Step #2 – Heat your cream – Bring your cream just barely to a simmer. You don’t want it too hot and you do NOT want it to boil. You should just start to see bubbles or ripples around the edges of the pot. This process is called scalding.
Step #3 – Pour cream over chocolate – Pour your hot cream directly and evenly over your chopped chocolate.
Step #4 – Cover & Rest – Cover the whole bowl with plastic wrap and let sit for 2 minutes. The plastic wrap helps trap the heat.
Step #5 – Stir to combine – Using a spatula, begin to stir the ganache from the center, slowly working your way outwards. Do not stir too quickly or vigorously.
Take your time until everything is combined and completely smooth.
Keep stirring until it’s silky smooth.
If at this point you find that you still have some larger chunks that haven’t dissolved, you can place the whole bowl over a pot with 1-2″ of simmering water and stir until completely smooth.
Step #6 – Cover and set – Place plastic wrap directly on the surface to prevent a skin from forming and let sit until cooled, thickened, and set.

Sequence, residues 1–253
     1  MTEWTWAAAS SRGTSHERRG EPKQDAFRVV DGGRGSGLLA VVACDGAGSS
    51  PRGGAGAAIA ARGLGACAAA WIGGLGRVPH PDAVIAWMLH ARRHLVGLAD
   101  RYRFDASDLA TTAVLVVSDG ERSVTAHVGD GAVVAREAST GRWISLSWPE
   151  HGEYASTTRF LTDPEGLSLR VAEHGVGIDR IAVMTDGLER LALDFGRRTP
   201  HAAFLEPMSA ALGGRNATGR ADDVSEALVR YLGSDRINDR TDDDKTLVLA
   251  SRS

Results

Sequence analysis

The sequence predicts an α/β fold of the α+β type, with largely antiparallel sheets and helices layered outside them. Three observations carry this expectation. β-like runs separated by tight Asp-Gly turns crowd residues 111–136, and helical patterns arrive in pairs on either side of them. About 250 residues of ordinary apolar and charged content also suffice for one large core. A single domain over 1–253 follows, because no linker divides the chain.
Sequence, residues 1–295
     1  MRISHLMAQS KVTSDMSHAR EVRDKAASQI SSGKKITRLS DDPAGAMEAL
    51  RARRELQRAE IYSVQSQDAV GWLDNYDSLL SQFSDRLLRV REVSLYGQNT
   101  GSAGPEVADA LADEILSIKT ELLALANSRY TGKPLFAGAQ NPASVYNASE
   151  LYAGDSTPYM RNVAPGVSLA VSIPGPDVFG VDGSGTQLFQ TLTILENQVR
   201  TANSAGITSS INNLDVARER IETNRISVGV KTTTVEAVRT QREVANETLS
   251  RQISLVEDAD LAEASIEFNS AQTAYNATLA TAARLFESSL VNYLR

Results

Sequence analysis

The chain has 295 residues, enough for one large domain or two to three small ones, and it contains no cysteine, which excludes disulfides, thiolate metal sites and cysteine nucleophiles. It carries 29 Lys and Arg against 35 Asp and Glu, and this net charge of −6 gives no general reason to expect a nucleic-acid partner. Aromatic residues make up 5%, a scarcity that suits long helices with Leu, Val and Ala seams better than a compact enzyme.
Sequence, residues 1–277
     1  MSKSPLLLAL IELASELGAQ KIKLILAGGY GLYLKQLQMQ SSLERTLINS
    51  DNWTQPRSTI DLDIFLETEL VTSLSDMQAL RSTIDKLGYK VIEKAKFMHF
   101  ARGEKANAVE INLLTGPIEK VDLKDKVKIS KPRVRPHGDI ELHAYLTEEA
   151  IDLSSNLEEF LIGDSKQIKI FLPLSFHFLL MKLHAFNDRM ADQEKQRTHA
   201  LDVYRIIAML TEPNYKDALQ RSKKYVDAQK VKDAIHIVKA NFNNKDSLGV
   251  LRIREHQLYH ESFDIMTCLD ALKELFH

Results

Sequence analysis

My ganache actually ended up splitting. Read on to find out why and how to fix it.
The microwave method seems simple, but it can cause your chocolate to heat too much too quickly. For this method you heat your chopped chocolate and cream at the same time in a microwave-safe bowl.
Steps for making ganache in the microwave:
- Place chopped chocolate and cream into a glass (not plastic) bowl
- Heat for 20 seconds, then stir
- Heat in 10 second increments, stirring in between, until the ganache is completely smooth
I don’t use this method often, because I find that it requires more “hands-on” time than the hot cream method. It’s also easy to accidentally overdo it and overheat your chocolate and cream, which can cause it to seize or split.
How to Fix Split Ganache
Ganache is an emulsion and it’s very easy to cause that emulsion to break, resulting in a grainy and/or oily ganache.
Why Ganache Splits:
- Your cream was too hot
- You started stirring before the chocolate had enough time to melt
- You stirred too vigorously
- You kept stirring it once it was smooth and emulsified
- There was too much fat in it (butter usually causes this)
How to fix Split Ganache:
- Warm the ganache over a pot with 1-2″ of simmering water and whisk vigorously until smooth.
- If your ganache hasn’t set yet and is still warm, add a couple of teaspoons of warm milk to it while whisking quickly. Note that this will thin your ganache out though, depending on how much milk you end up using.
- Use an immersion blender with either of the two methods above to help ensure emulsification.
I’ll be honest here, I’m an expert at breaking ganache, but not an expert at fixing it. I’ve only had partial success.